Whether using the automatic lip-sync function or if syncing manually, your scene requires the same initial setup.
Animators pair phonemes (the smallest unit of sound) with specific mouth shapes. There are different sets of phonemes that animators use. One of the major approaches was created by Preston Blair, a noted animator that worked at a few animation studios including Disney over the course of his career. Tahoma2D currently requires the Preston Blair mouth shapes for automated lip-syncing.
While in the most believable lip-syncs, other facial features will change during speech, the most important facial feature to sync is the mouth. Mouth shapes could be drawn in any order, but it saves time to draw them in order by phoneme.
- Create a level with ten frames
- While any level type could be used, Vector or Smart Raster levels are recommended for labeling purposes
- Draw the mouth drawings in order and give each phoneme a label
- Create an extra style just for labeling - something bright and easy to see (ie. red) that will not be used anywhere else
- Using the type tool - or just writing normally, on each frame use that style to make a label for the frame's phoneme
- Use onion skin to keep the mouths positioned properly
- Use the following order:
Do not rely too much on examples of other artist/animator's mouths - look in the mirror (or use Photo Booth on the Mac) to see what your own mouth looks like as it makes each sound.
Advanced sound editing should be done in an external program like Audacity before loading the audio track. Keep in mind that lip-synching is easiest if each line of dialog (or at least each actor) has its own track.
- Right-click in the first cell in a layer (occupied or not) and choose "Load Level"
- Select any 8 or 16bit wav, aiff or mp3 file from the computer and choose "Load"
- Choose to import or load
Audio levels can be moved or re-ordered like other levels. If you remove or reorder audio frames, turn the layer visibility off/on to update the audio playback.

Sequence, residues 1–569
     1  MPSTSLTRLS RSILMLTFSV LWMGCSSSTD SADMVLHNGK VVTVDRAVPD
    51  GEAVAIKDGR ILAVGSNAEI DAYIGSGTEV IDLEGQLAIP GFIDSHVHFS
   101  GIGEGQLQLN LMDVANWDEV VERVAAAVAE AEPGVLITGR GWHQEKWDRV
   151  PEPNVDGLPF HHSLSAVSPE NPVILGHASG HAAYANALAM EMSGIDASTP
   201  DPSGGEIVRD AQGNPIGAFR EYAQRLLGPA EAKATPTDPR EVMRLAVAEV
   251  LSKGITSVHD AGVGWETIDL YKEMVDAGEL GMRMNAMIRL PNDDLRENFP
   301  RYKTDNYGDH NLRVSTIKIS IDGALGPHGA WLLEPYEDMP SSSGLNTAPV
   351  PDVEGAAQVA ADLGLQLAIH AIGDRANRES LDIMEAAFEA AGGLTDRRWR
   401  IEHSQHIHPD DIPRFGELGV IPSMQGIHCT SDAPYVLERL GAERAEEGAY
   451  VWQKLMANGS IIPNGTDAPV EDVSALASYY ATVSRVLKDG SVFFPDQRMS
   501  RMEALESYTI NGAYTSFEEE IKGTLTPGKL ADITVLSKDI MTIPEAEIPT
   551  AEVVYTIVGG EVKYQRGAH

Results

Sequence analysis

Visit the Edit Audio page to learn more about loading and making basic edits to the audio track.
For optimal lip syncing, audio should be slightly delayed from the mouth movement. This is because light moves faster than sound.
- As necessary, adjust the position of the audio level or the mouth level so that the sound begins a frame or so after the mouth movement (using the top or left dragbar)
- Scrub and/or play the audio to make sure the timing is correct
- Make adjustments to timing/placement as necessary
- If any mouth shapes are incorrect:
- Select the cells for the incorrect drawing
- Use the hotkey "Q" to switch out the drawing for the correct drawing (moving backwards)
- Use the hotkey "W" to switch out the drawing for the correct drawing (moving forwards)
- Repeat as necessary
- When the syncing is complete, in the Style Editor, turn the opacity (A/alpha) down to 0 for the special label style to hide the labels
For a more advanced lip-sync, try having multiple mouth/facial feature levels for different emotions. Some animators also use the phoneme frames as keyframes and create additional drawings to transition inbetween each pairing. Lip-synching can get quite complicated!